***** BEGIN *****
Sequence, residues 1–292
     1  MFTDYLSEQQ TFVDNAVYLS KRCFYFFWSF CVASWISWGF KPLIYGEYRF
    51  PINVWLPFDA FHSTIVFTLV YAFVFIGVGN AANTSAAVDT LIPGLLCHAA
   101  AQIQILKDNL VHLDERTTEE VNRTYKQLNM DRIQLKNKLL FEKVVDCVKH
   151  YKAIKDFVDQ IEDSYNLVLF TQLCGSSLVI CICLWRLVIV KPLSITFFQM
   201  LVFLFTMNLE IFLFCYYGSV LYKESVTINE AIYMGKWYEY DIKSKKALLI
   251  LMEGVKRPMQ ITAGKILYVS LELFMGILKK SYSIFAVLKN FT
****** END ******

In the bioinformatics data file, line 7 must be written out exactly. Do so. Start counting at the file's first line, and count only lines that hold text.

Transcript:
   251  LMEGVKRPMQ ITAGKILYVS LELFMGILKK SYSIFAVLKN FT